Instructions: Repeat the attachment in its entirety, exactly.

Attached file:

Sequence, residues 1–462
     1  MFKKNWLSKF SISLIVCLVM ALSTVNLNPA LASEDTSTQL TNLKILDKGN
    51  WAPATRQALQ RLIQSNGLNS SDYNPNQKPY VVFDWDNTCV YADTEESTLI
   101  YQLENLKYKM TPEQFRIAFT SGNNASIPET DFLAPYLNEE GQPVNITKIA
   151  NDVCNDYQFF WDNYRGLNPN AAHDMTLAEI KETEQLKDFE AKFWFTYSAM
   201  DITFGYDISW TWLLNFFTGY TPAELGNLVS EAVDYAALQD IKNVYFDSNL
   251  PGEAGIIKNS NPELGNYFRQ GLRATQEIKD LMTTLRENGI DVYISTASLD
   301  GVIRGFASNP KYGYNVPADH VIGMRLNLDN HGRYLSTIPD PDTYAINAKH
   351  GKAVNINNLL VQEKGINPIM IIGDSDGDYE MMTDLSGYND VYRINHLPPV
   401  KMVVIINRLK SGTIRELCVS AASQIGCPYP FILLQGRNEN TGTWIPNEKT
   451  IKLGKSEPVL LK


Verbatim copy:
Sequence, residues 1–462
     1  MFKKNWLSKF SISLIVCLVM ALSTVNLNPA LASEDTSTQL TNLKILDKGN
    51  WAPATRQALQ RLIQSNGLNS SDYNPNQKPY VVFDWDNTCV YADTEESTLI
   101  YQLENLKYKM TPEQFRIAFT SGNNASIPET DFLAPYLNEE GQPVNITKIA
   151  NDVCNDYQFF WDNYRGLNPN AAHDMTLAEI KETEQLKDFE AKFWFTYSAM
   201  DITFGYDISW TWLLNFFTGY TPAELGNLVS EAVDYAALQD IKNVYFDSNL
   251  PGEAGIIKNS NPELGNYFRQ GLRATQEIKD LMTTLRENGI DVYISTASLD
   301  GVIRGFASNP KYGYNVPADH VIGMRLNLDN HGRYLSTIPD PDTYAINAKH
   351  GKAVNINNLL VQEKGINPIM IIGDSDGDYE MMTDLSGYND VYRINHLPPV
   401  KMVVIINRLK SGTIRELCVS AASQIGCPYP FILLQGRNEN TGTWIPNEKT
   451  IKLGKSEPVL LK